George - A sea of red greeted Economic Freedom Fighters leader Julius Malema in George on Friday, where he led a land expropriation rally organised by the party.
Thousands of supporters gathered at the Thembalethu Stadium in the Southern Cape town to hear Malema explain why land expropriation was a key factor in “restoring the dignity of Africans”.
He said Friday had been a significant day in South African history, especially around land issues, as it marked 366 years since Jan van Reebeeck first set foot on South African soil.
“It is on this day that out troubles started.”
Malema said April 6, 1652 signaled a time when “colonisers” deemed paper more important than people.
“They saw that the indigenous people did not have title deeds to the land they occupied and therefore believed that they had no rights to the land."
He added that, had the Europeans “settled” with the people, they would have “accommodated the Europeans”.
He further said the EFF was fighting for land expropriation without compensation because many South Africans did not have jobs, not because they were uneducated, but because they did not own land.
“With land ownership comes respect. No one respects a hobo on the street, whether he is black or white, and the reason for that is because he does not own land.”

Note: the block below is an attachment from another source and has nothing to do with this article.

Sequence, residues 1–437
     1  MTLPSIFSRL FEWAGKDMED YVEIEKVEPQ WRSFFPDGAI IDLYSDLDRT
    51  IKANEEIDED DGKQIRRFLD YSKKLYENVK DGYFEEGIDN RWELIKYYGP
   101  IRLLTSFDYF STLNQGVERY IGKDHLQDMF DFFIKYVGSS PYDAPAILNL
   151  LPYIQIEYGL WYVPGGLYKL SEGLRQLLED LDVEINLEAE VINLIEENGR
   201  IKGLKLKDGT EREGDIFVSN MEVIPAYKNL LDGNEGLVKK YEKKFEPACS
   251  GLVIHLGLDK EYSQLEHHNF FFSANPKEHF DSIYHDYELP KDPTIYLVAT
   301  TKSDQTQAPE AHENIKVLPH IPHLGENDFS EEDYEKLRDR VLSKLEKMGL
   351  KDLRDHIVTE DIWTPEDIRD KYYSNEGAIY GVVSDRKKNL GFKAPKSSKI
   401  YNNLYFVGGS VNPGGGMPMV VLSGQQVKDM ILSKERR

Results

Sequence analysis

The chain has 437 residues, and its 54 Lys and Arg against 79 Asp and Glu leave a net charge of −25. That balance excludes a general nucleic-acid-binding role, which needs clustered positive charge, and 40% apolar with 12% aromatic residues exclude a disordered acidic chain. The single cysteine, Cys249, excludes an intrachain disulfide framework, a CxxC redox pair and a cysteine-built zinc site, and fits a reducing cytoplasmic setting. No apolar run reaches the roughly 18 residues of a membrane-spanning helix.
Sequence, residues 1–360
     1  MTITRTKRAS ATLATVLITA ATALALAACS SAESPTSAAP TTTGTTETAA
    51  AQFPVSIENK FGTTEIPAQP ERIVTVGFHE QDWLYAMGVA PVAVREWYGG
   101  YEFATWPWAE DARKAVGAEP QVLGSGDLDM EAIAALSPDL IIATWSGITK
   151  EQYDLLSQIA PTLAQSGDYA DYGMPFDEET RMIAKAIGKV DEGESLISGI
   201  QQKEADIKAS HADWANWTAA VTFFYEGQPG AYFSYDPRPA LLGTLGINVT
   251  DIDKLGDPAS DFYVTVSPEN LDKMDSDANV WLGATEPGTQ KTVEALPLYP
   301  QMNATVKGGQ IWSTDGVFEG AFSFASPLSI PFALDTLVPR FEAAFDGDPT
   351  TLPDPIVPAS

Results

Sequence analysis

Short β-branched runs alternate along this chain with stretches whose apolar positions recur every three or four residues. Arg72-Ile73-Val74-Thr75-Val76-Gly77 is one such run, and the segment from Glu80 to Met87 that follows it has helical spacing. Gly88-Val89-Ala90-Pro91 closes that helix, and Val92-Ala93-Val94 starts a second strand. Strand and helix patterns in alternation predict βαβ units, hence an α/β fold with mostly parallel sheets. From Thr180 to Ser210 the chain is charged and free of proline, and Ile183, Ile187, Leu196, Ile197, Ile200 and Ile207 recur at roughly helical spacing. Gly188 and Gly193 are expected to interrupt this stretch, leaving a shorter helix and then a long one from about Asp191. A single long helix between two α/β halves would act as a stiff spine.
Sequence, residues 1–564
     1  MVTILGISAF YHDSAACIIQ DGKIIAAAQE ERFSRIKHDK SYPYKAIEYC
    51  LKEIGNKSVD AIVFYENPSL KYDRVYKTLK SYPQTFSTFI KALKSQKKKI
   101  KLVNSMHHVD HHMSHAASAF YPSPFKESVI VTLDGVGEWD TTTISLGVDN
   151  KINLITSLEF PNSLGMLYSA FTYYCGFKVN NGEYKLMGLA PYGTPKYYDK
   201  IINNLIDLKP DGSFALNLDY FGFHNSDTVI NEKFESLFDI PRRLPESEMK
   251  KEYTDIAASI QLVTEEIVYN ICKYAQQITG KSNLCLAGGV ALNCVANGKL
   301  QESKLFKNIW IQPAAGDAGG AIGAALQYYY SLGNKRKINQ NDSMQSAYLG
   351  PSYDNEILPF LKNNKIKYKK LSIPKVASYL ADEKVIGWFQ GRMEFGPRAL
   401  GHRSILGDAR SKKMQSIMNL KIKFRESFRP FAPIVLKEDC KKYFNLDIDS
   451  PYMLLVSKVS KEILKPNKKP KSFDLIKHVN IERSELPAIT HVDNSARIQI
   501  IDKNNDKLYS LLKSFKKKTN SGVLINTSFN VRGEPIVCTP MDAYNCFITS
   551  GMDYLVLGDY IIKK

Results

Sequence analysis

He added that land ownership should reflect the demographics of South Africa which it currently did not as the large majority of land was in the hands of the white minority and only percent in the hands of “the African majority”.
Malema said only when this changed, would there be peace. He added that currently, those who were attempting to occupy land, were being arrested and shot.
“They must not stop. Those who are trying to stop them will tire.”
He used Soweto as an example of land expropriation. “Soweto was not given to the people. It was taken by force. They, too, occupied what today is the biggest township in South Africa by force, and it has since produced some of the biggest icons in the country.”
The gathering in Thembalethu in George followed a march through the Garden Route town’s streets on Thursday during which supporters demanded, among others, better health care for the poor.
“We are 23 years into our democracy, yet government fails to deliver the most basic of services like healthcare and education.”
African News Agency/ANA